- The Washington Times - Tuesday, September 17, 2002

Francis Bacon famously observed in his essay "Of Studies" that "ome books are to be tasted, others to be swallowed, and some few to be chewed and digested." He might have added there are others that should be sent back to the kitchen. In that category I place Dick Morris' "Power Plays."

The author, of course, is the political adviser to presidents, among them, William Jefferson Clinton, whom he turned on in a tell-all book some years back. This one is more in the line of tell-nothing or at least tell-nothing that is new or particularly insightful.

In so doing, Mr. Morris outlines six winning strategies that go something like this. Stick to principle unless you are stealing the other guy's ideas, otherwise called triangulating. Divide your enemies and then conquer. Reform your own party when it isn't winning but don't kill off the beast while you're doing the Lord's work. Master a new technology while your opponents remain rearguard. Finally, in times of national crisis, try to tell the truth to the electorate.

Hard to argue with much of this because it is obvious for the most part. The writing, meanwhile, varies from bland to awful and nearly always is pedestrian and derivative from a handful of secondary sources. There is repetition. There are cliches on nearly every page. How many times does the nation watch in horror until we get tired of the nation and its horror of the moment?

Sometimes, Mr. Morris is just plain wrong and the further from his American base, the more insecure in judgment. It is, for example, obvious that Japan's Junichiro Koizumi has not transformed the Liberal Democratic Party or even come close. Mr. Morris may have been nearer the truth by suggesting Japan's prime minister-for-the-day is the country's Mikhail Gorbachev a fruitful theme he does not bother to explore further. He does a bit better explaining how Britain's Tony Blair managed to change the Labor Party by convincing the party's union bosses that swinging to the right could bring them back to power.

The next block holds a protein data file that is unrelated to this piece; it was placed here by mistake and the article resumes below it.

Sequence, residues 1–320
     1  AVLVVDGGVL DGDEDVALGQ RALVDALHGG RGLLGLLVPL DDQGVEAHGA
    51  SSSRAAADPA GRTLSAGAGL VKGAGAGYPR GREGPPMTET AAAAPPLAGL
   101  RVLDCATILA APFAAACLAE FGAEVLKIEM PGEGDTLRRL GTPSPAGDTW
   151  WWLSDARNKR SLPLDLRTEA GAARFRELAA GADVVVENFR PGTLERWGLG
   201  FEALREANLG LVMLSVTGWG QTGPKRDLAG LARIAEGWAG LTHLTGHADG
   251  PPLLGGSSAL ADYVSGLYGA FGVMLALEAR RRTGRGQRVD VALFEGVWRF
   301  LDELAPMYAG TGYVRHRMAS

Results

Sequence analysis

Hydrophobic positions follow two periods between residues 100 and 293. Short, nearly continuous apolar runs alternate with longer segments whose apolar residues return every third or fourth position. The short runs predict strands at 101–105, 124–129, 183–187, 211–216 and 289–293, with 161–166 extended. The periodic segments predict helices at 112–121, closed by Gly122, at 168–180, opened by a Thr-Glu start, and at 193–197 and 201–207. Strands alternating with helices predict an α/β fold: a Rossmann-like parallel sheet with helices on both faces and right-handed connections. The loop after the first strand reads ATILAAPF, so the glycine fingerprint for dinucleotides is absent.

More often, we get one more tiresome rehash of Winston Churchill and Franklin Roosevelt as they battle their enemies until victory. But even here, the iconic historiography doesn't quite work. Churchill's principal task, especially after he assumed the top job, was not to convince Britons they were in danger with Adolf Hitler's legions within artillery range of Dover that was hardly the issue. The problem was to rally the nation away from defeatism, a sentiment widely shared within Britain's political class in 1940, and to have done it with words is still mind-boggling.

There are other peculiarities. The author is convinced Al Gore lost the 2000 election because he didn't stick to principle, that is, his extreme views on the environment. If he had, Mr. Morris assures us, Mr. Gore would have won Florida. Well, maybe. But Mr. Gore should have won Tennessee and Arkansas as well, and turning green for those folks is not likely to have worked there either. In fact, Mr. Gore's defeat could be ascribed to many factors not just one pulled out of a hat.

Then, there is the familiar excoriating of Lyndon Johnson and his conduct of the Vietnam War. Who would defend that? But comparing LBJ to Churchill and Roosevelt in waging war is comparing crab apples with mandarin oranges. It might have been more interesting to look at Johnson and Mr. Morris' beloved John F. Kennedy. How candid was JFK in wading into Southeast Asia's Big Muddy? Or better, Johnson's Vietnam with Harry Truman's Korea. The man from Independence may have been more honest in comparison to the man from Johnsonville, but Truman's approval ratings at the end of 1952 don't suggest much of an improvement.

Some of Mr. Morris' best stuff is found in a chapter on George McGovern's successful attempt to reform the Democratic Party after its loss in 1968 to the dreaded Richard Nixon. But the reforms, the author rightly notes, were carried out with the barest shred of legitimacy. So much so that they alienated many Democrats not just the party pols like Chicago's Richard Daley whom no one ever seemed to like, but always got elected. Mr. McGovern would later recognize his error to the credit of the old warrior, but it did him no good in 1972, when he managed to win only Massachusetts and its sister city in the politics of the silly, the District of Columbia.

Pulling political lessons from history is as old as Machiavelli; actually much older, but to rephrase Lloyd Bentsen, Dick is no Nicolo.

Roger Fontaine served on the National Security Council staff during the first Reagan administration.

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